2015 New Year’s Resolutions- Now that we are a couple of weeks in, how are yours going?  Did you slip a little?  Be patient with yourself and try to get back on track.  Were your goals realistic?  Not so much?  Revise them and get back on track or simplify them!  Take it easy on yourself, but make some adjustments now to help yourself to be successful!

Here are some ideas:

Resolutions for singing in 2015

Practice 3-4 times per week and workout 3-4 times per week.  That is something good for your singing voice everyday of the week!  Map it out.  Which days work for you to each and at what time of day?  Does it work to exercise on Monday, Wednesday and Friday morning and sing Tuesday, Thursday and Saturday?  Then pick which one you do on Sunday (or both!).

Map out what to practice.  Find a focus for each day.  The more structure, sometimes the better.

For Example:
Monday workout:  Yoga before school.
Tuesday practice: Text of “Song A”, Dynamics and Vowels of “Song B”, Pitches of new song.
Wednesday workout: Cardio and weights before work
Thursday practice:  Review vowel work of “Song B”, Solidify pitches of new song and add words, Sing through “Song A” to find meaning in text
Friday workout: Yoga before school and walk after school
Saturday practice:  Review all 3 songs and start to work on interpretation of “Song B”
Sunday: Rest OR sing or workout if feel like it

Add drink more water (a goal of 8 glasses of water a day or 4 large bottles is ideal).  Find a place to put it that is accessible.  Also, place healthy snacks in key places.  Think your drawer or closet at work or an extra bottle of water and a healthy snack in your backpack for school.

Plan out a sleep schedule.  I know, you think I am crazy with all of the work that has piled up and homework teachers are giving.  Vow to go to bed 15 minutes earlier than normal for 3 or 4 nights.  Try to then go to sleep another 15 minutes earlier.  By the end of the week, you are gaining 30 minutes per night.  If you keep that up for a week, it is 3 ½ extra hours of sleep.  Before you know it, you are getting 8-9 hours of sleep a night.  What a way to help your body fight off getting sick and your mind to work at it’s maximum potential.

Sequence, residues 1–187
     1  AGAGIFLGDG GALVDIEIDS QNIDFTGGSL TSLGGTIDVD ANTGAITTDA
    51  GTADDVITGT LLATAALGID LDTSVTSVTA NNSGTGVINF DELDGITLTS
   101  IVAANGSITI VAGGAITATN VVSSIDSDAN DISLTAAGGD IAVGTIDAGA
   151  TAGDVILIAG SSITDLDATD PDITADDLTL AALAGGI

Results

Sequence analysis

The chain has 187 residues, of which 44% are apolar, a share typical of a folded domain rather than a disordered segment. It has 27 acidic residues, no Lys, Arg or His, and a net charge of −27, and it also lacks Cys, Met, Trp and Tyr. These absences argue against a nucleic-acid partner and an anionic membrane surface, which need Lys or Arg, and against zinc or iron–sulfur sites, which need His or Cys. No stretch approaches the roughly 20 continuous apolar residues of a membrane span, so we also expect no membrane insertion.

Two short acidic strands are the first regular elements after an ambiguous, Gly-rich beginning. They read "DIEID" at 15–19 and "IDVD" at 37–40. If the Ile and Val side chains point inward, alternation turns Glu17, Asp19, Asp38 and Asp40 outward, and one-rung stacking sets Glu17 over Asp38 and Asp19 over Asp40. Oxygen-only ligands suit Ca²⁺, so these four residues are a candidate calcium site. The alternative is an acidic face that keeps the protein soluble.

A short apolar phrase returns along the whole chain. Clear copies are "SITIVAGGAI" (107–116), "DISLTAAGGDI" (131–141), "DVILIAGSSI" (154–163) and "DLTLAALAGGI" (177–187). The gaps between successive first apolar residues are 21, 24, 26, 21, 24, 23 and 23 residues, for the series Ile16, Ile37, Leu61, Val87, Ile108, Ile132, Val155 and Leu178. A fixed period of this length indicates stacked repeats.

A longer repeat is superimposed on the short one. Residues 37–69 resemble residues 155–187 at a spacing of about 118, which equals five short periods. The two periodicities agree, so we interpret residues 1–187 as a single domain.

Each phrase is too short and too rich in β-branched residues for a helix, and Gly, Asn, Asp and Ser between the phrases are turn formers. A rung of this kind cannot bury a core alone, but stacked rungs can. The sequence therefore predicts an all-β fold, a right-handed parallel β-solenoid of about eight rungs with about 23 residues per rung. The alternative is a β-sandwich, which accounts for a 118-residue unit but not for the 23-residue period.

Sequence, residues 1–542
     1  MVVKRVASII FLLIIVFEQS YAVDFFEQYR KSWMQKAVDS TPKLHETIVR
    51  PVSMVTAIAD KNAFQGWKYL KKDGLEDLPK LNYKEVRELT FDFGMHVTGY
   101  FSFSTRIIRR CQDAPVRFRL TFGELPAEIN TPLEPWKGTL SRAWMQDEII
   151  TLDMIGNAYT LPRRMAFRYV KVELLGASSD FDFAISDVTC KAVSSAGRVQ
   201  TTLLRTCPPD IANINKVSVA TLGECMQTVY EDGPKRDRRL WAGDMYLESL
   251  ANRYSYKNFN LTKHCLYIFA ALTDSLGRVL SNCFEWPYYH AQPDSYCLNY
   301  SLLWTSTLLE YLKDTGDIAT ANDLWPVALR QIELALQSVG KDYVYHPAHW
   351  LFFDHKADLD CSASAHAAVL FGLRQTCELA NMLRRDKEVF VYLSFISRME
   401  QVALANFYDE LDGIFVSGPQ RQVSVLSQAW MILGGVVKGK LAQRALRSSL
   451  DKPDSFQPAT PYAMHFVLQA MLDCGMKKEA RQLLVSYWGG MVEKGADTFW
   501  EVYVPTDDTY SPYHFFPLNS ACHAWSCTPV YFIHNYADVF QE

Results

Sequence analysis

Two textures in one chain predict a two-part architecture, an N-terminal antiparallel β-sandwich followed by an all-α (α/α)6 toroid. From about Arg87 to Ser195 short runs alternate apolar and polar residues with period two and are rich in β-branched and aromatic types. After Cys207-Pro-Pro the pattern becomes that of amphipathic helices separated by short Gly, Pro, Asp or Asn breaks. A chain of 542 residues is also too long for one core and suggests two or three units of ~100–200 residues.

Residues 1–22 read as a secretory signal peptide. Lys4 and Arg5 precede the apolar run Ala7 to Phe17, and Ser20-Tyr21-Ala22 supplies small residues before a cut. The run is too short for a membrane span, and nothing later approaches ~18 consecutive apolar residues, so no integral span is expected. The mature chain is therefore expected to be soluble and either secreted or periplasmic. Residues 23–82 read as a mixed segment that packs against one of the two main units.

If you take care of you, you take care of your voice to be the best singer YOU can be!

Sunday, January 4, 2015

New Years Resolutions: New Singer, New You!

As we enter the seasonal New Year Resolution window, I find myself making new resolutions for my singing, teaching, and personal life.  Make the resolutions realistic and attainable.  Maybe you just need to get more organized or take more time for you to be more effective in your practice. Make your own tree of resolutions that can grow throughout the year.  What can you resolve to do to make yourself a better singer, better, student, better teacher, better you?  A few things always pop to mind for me:

1. Make a committed schedule of practicing.

2. Establish a focus to each practice session.

3. Set goals for singing for myself (and my student).

4. Make a timeline to achieve those goals.

5. Sing just for the sake of singing a few times a week.

6. Workout (cardio and/or yoga) 3-5 times per week.  Do what suits you and your mind.

7. Drink lots of water and try to get 8 hours of sleep per night.

8. Take 10 minutes a day (or more if you can) to do something for yourself.

9. Tell people in your life how much they mean to you and take the time to say "Thank you" or "I love you."

10.  Breathe when it seems too much and regroup.  It will all work out.

This may seem like a long list.  They are little attainable goals.  I think I can make them work.  Take what you like, disregard what you do not.   Regardless, do your best to make 2015 a happy, prosperous, and wonderful year!

Share some of your resolutions too!